Breath & Blood Testing

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Do I have to take the test?

Maybe! Texas law deems that all persons who drive with Texas Driver’s licenses have already conditionally agreed, after their arrest, to take either a breath or blood test upon being properly requested to do so by a police officer. This deemed consent only arises where the person has driven in a public place. Examples of public places are public roads, highways, beaches, parking garages and other places where the public or a substantial part of the public may gain access. There is no such deemed consent, or as it is sometimes called “implied consent” for a urine test.

Can I refuse a required breath or blood test?

Yes! Our law provides that where the implied consent law is applicable, the person arrested for DWI may refuse to take the requested test. Such a refusal, however, can result in the following penalties:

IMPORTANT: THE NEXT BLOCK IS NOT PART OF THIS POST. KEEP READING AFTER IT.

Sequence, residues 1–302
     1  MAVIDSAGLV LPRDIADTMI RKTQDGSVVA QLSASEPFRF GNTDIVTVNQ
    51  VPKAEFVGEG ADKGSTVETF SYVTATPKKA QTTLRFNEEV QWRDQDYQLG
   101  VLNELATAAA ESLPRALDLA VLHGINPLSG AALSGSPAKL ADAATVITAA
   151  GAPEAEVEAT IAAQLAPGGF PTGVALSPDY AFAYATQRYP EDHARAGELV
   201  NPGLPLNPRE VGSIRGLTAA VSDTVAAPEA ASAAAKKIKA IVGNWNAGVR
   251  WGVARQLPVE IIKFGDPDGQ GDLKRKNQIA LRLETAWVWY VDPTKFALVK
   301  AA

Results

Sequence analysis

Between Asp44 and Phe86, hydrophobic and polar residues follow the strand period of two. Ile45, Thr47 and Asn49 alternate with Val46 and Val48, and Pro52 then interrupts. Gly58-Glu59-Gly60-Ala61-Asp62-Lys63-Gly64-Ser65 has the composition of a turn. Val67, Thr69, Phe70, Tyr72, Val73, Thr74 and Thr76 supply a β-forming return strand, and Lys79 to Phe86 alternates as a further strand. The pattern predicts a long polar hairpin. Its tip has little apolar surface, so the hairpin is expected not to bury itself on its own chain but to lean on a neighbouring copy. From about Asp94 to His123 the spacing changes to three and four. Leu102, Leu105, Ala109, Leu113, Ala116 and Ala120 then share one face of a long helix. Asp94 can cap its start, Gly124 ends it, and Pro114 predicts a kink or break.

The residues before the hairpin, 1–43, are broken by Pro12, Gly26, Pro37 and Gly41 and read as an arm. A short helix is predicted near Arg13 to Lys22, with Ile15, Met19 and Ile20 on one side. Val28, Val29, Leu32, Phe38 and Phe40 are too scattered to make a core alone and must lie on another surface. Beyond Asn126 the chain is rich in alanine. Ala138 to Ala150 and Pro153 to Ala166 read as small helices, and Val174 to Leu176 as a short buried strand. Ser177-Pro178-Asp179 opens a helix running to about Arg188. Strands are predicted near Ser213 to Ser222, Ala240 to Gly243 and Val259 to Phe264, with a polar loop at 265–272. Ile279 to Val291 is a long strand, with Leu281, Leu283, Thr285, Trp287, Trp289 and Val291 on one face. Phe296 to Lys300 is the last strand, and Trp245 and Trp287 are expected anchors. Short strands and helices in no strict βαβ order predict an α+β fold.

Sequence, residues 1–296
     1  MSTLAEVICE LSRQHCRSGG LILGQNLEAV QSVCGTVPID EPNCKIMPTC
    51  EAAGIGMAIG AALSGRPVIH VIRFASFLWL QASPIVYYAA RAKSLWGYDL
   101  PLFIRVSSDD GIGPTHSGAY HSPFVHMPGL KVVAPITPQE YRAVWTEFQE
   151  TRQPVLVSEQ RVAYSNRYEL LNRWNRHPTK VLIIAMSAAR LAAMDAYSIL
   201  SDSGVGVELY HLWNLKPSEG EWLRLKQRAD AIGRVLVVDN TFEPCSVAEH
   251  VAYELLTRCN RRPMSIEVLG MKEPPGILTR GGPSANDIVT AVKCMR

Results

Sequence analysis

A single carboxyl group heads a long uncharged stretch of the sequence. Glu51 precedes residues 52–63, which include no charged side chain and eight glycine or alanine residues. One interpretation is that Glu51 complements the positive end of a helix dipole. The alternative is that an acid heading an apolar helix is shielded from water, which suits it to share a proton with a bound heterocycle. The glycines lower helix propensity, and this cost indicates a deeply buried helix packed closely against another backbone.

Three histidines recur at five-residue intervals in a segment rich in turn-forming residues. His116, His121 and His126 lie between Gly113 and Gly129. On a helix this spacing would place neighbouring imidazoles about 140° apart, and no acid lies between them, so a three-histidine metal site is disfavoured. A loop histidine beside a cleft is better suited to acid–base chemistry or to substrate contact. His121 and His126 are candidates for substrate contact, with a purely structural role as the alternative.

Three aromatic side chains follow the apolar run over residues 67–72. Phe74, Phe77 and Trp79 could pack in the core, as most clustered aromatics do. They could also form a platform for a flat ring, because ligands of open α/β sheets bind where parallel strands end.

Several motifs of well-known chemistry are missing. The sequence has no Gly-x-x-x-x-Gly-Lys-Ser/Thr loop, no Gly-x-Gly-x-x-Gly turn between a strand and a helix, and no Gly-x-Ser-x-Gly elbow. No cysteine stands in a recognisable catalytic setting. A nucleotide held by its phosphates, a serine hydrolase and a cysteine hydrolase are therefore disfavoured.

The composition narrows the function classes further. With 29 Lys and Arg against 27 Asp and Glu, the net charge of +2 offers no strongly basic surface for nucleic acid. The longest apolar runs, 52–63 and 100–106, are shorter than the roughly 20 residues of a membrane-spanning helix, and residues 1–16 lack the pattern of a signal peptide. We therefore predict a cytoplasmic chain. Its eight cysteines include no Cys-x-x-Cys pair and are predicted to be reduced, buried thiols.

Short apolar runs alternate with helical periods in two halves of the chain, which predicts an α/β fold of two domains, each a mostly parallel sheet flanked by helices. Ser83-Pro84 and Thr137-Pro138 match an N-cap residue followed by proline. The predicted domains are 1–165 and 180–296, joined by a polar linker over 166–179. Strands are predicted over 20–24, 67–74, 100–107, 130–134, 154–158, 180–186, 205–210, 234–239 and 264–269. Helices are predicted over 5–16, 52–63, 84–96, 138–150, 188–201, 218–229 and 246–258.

• suspension of your driving privileges for 180 days if this is your first arrest for DWI;
  • a two-year suspension for a subsequent arrest within ten years if, in the first arrest you refused to submit to testing; and,
  • the admission into evidence of your refusal to take the breath test in the subsequent DWI criminal trial. The purpose of this admission, from the prosecution’s viewpoint, is to imply to the judge or jury, that the refusal was premised on the belief that the driver thought he was too intoxicated to pass the test.
  • if you do submit to alcohol CONCENTRATION testing and fail, your driver’s license privileges can be suspended, and the test result may come into evidence in the criminal trial. The possible suspension periods are as follows:
    • 90 days if your driving record shows no prior alcohol-related arrests; and,
    • one year if you have a prior conviction or suspension within the preceding ten years.